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    • RVA are you doing appraisal reviews or final inspection progress reports? Two different things. I would not allow myself to be put in the position of being a reviewer in a 1004D.

      As for quality, no doubt about it. A lot of our compatriots really do have to up their game a bit. (OK, in some instances a lot!)

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  4. Fritz Vogel says:

    In my HO, after 2+ decades of attempting to deal with the “Games” they play A: they might have yet to PAY for the original repot + B: Are such a pain in the A** to work with, the OA made a prudent Biz decision to just say “NO”! I have yet to meet a totally honest AMC employee and have yet to know one that really cares about the work product at all, its all time and money. Lenders don’t care, they are now far removed from the report, It was the Appraisers fault/problem and now it’s the AMC’s fault/problem. Twice removed from any wrong doing but they created it in the first place.

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    • LeAnn says:

      I worked for an appraisal office for 10 years, now at an AMC for the last 8 years, I have seen it ALL! I was once the person “getting” the AMC calls and slamming the phone down afterwards with the off the wall revisions, to now PLACING the calls. Please understand the questions we bring to appraiser’s are pushed on us from the lenders. Do also know, there are a lot of ridiculous stuff we do not like to ask appraiser’s to do but are made to. It is hard for us all! Bottom line, I feel like all training needs to go to LOAN OFFICERS! Now please don’t get me wrong, not everyone at AMC’s know the ins and outs but appraiser’s have really made AMC’s hated ?

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      • Baggins - your pay to play advisor Baggins - your pay to play advisor says:

        If distributor persons had appraisers licenses, lenders would not be allowed to push them around, or compel them to pass that pressure down the line to appraisers. Individual appraisers licensing for ALL distribution personnel. This will provide the ethical corrections necessary so we can all finally begin to relate on a more professional basis, permanently. It is always solely the responsibility of the appraiser to comply with ethics, and nobody elses responsibility. The appraiser confirms scope and engagement, nobody else. No amount of loan officer education will get the middle management people whom are not licensed up to speed in this regard. Licensing the individual distributor persons to force them to comply with existing ethical standards for appraisers would have a far greater further reaching effect on every day process corrections. They made me do it only flies or non licensed personal, that will not fly in civil court or in the case of board investigations for licensed appraisers. Pop quiz time, what is the voluntary disciplinary action matrix and how does working with non licensed individuals create engagement concerns for appraisers?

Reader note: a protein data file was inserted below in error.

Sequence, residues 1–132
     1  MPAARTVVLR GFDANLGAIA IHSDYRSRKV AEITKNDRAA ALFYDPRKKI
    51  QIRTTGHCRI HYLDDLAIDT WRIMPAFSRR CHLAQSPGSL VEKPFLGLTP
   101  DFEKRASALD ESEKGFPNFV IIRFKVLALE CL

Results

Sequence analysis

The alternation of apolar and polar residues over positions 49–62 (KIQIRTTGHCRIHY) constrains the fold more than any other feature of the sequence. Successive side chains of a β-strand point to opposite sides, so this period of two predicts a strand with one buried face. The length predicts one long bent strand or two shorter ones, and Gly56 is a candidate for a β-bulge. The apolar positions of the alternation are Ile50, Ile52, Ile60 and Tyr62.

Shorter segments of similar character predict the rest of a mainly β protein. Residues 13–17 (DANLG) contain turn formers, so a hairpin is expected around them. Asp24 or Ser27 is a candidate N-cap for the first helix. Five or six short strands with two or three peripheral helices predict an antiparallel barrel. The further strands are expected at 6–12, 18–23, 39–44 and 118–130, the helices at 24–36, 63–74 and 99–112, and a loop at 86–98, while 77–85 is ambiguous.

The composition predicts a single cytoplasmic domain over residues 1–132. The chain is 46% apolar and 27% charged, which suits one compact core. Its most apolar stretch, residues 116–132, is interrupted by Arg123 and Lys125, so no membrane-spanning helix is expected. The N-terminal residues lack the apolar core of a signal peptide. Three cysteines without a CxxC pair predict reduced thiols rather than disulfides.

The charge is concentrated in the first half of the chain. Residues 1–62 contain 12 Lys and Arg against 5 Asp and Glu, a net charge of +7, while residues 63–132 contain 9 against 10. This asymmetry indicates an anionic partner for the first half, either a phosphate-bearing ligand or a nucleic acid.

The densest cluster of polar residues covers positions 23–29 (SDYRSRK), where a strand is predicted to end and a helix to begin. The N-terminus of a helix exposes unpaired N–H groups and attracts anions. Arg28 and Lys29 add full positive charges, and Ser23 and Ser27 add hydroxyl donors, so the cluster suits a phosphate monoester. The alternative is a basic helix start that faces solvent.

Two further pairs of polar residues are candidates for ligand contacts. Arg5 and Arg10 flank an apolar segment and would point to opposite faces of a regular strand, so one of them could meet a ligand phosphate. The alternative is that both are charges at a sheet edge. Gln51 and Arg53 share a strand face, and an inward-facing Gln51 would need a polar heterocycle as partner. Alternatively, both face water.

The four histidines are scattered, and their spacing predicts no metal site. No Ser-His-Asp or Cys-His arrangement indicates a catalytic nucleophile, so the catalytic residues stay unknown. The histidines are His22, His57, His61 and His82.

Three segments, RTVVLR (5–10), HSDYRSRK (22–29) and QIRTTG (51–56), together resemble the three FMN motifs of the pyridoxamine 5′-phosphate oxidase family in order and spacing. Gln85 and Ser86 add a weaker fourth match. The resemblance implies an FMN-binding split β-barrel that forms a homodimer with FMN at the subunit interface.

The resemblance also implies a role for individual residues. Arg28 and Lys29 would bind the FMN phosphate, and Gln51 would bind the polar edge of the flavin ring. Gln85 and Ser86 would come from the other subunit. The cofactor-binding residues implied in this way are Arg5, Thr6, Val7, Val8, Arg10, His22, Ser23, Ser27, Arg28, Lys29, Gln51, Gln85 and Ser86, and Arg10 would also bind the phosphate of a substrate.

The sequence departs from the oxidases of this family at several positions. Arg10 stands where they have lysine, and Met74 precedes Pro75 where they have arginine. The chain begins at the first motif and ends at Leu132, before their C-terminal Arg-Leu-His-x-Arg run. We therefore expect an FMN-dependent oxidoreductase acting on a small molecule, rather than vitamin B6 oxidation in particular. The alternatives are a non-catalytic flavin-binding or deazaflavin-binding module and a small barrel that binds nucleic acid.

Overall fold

Complete Voluntary Disciplinary Sanction Matrix 2018-19 USPAP 10.5.17

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      • Caterina says:

        Hi LeAnn,

        The largest part of the breakdown we all see is that NO ONE in the process seems to understand the product they are ‘managing’.

        The volume going through the AMC is such that no one apparently has the time to read the reports for much if any comprehension level.  ‘Reviews’ and QC is often done through clerks using word searches only and if their search comes back with no hits, a revision request is fired off immediately.

        I work rural markets and often have fairly complex reports. Nothing irks me more than painstakingly putting 8-10 hours to piece together a coherent report on a rather complex situation, only to have a ‘QC’ person spend more time responding with their revision demands than they did reading my report. Seriously. Ship the report, and in a matter of 20 minutes, you get a laundry list of nonsense ‘requirements’ that have largely already been addressed in the original report submission.

        Another HUGE issue is unprofessional business communications across the board. I’m probably old school. I come from a time when we were taught to pose questions politely and take care in considering the tone of our communications. Now, granted, some appraisers can be surly jackasses even when you are being as nice and unassuming as you can muster. However, every day I am hit with demanding, condescending ‘revisions’ that automatically assume the appraiser is in the wrong. It is so very taxing and negative. It doesn’t have to be done this way. It is demeaning to be on the receiving end of these, not to mention being incredibly time wasting. It makes the nicest person who normally approaches things with a positive attitude into a defensive grouch in 1/2 a second.